- Feature Story
A New Perspective on the Whole Brain
Clinical Connection Module Brings BCS Students Out of the Lab and into the Hospital
On a Friday morning, a crowd gathers in the morgue in the basement of Massachusetts General Hospital (MGH). Moments before, the audience had learned the case history of a deceased patient, reading notes from the attending physician, exploring MRI images projected on the wall and discussing possible diagnoses and treatment options. Now they form a semicircle around the neuropathologist as they watch him carefully dissect the patient’s preserved brain. He confirms the diagnosis of Alzheimer’s disease, pointing out its catastrophic effects as he passes brain slices around the crowd for a closer look. Among the audience are doctors, medical students, residents, and thanks to the BCS Clinical Connection Module, a BCS graduate student.
“MIT and MGH have a long and storied history of collaboration, and I wanted to continue that tradition while opening up new opportunities for BCS graduate and undergraduate students to gain first-hand experience in a clinical setting,” says Dr. Thomas N. Byrne, Professor of Neurology at Harvard Medical School, Neurologist at MGH and Senior Lecturer in the Department of Brain and Cognitive Sciences at MIT, who spearheads the program. “A physical bridge connects both MGH and MIT across the Charles River. My hope is that this program does the same for learning opportunities between the institutions.”
The program is a week-long rotation, where participants coordinate directly with Byrne to attend a variety of seminars, conferences, discussions and other experiences throughout the week based on their interests, whether it’s spending time in a clinic, sitting in on a radiology consult, attending neurology and psychiatry grand rounds, or even the Friday morning brain cuttings. Students have the opportunity to learn about the pathogenesis, diagnosis, management and therapeutic clinical trials of diseases of the nervous system. Seminars range in relevant topics such as Alzheimer’s disease, functional neurosurgery, movement disorders, epilepsy, neuro-oncology and neuropsychiatry.
“One thing I try to stress to the students is that this experience lets you see neuroscience in action through the clinical perspective,” says Byrne. “When it comes to making a diagnosis, sometimes you have the whole story, as when you are looking at the case history in the brain cutting. Sometimes you only have part of the story if you are seeing a new patient in the clinic who is presenting with the initial symptoms of a disease. Knowledge of the basic science coupled with clinical experience enables us to establish a diagnosis and therapeutic intervention. This experience allows students to understand the potential impact of their research in a real-world setting.”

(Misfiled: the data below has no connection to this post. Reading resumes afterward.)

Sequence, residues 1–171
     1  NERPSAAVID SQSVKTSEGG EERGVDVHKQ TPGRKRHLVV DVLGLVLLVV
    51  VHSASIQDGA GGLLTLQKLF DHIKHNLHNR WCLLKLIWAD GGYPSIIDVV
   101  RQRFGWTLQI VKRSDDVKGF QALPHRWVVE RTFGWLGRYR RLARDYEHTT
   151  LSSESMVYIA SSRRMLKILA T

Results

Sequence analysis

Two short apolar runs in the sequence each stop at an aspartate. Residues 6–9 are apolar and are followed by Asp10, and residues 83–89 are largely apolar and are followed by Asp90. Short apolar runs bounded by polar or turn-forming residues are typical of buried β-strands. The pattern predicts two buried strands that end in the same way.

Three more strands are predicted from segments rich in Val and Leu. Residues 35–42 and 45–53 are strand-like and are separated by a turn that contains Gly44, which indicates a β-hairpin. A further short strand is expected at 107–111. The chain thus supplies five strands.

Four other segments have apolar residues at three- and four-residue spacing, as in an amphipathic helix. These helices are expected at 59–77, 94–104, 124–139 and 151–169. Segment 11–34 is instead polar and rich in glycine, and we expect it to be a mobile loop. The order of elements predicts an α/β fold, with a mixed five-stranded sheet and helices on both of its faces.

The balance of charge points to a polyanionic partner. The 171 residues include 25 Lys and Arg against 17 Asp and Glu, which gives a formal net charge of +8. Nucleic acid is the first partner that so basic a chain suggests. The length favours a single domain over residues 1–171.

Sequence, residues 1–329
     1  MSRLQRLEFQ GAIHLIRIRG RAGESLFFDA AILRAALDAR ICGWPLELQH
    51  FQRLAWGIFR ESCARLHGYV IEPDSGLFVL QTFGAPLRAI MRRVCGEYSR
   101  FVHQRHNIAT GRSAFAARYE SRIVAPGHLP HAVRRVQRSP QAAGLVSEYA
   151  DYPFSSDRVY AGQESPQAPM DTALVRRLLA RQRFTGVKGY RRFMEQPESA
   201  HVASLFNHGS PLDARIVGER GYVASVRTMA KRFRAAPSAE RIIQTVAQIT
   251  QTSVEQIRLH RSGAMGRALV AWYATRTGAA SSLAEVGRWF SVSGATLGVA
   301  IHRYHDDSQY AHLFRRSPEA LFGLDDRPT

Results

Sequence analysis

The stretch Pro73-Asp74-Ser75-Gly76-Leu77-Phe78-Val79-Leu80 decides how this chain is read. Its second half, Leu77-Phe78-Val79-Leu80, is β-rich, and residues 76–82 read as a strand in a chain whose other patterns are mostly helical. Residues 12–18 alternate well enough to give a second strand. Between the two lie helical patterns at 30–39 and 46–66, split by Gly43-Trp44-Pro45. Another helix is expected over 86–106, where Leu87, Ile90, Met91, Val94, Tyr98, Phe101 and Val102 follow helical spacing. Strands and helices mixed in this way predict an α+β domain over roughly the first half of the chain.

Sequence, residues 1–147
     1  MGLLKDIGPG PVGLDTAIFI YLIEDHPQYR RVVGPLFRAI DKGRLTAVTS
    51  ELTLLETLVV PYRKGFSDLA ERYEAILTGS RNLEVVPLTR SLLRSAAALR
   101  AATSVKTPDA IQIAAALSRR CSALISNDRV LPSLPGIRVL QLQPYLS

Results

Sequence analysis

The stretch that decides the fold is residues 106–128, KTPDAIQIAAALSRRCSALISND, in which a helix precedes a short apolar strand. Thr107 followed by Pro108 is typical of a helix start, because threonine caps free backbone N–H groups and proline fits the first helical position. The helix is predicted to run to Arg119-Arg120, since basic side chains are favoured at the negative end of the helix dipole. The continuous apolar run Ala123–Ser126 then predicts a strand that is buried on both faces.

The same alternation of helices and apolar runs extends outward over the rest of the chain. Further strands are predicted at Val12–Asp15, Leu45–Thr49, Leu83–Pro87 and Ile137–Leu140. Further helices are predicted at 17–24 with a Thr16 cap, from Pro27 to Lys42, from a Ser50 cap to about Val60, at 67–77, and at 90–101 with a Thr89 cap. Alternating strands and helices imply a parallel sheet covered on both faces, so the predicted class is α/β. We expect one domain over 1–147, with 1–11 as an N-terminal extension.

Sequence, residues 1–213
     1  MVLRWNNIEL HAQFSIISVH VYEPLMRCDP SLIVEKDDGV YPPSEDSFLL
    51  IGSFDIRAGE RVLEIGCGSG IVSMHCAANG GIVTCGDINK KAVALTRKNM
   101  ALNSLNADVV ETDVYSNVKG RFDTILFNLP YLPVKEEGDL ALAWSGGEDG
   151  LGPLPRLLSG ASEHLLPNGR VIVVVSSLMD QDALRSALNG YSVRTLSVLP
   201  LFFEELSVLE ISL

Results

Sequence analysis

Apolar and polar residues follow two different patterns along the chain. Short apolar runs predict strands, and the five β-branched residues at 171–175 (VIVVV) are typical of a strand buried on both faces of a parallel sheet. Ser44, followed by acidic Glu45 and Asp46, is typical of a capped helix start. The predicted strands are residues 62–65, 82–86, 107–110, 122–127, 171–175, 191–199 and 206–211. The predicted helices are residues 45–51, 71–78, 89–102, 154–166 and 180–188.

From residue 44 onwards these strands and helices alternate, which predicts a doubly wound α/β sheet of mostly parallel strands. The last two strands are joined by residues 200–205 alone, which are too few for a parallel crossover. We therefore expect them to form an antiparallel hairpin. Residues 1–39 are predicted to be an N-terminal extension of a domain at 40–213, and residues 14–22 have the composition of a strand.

Jenna Aronson, a BCS graduate student, participated in the rotation in December 2017. Aronson’s research interests focus on neurodegenerative brain disorders and aging, so she felt particularly drawn to participate in the program. The ability to work closely with Byrne to tailor the rotation to fit her interests made for a deeply impactful experience. She even accompanied Byrne in the exam room as he saw his own patients in the memory loss clinic, where she interacted with patients and their caregivers and gained a deeper understanding of the physical and emotional toll of the people affected by a neurodegenerative diagnosis.
“The reason I came to BCS is to learn more about neurodegenerative disease, and with that understanding, find ways to give back to both patients and their caregivers affected by it,” says Aronson. “As a doctoral student, I think it’s important to understand the point of research, and this clinical rotation is a meaningful way of gaining firsthand perspective in the clinic in addition to simply studying it in the lab. For me, it really solidifies my resolve to move forward in my research.”
In addition to the brain cutting and memory disorders clinic, Aronson attended conferences on functional neurosurgery, radiation neuro-oncology, Alzheimer’s disease and neurodegeneration. According to Aronson, one of the most impactful parts of the experience was the one-on-one time with Byrne, who is a “wealth of information in and of himself.”
“I would definitely recommend this experience to anyone, even if their research interests aren’t directly clinically relevant,” says Aronson. “In the lab, you typically only work with small areas of the brain, but this is an incredible opportunity to look at the whole brain from a different perspective. It just shows you what a mystery the brain really is, and how much work there is still to be done!”
Learn more about the Clinical Connection Training Module.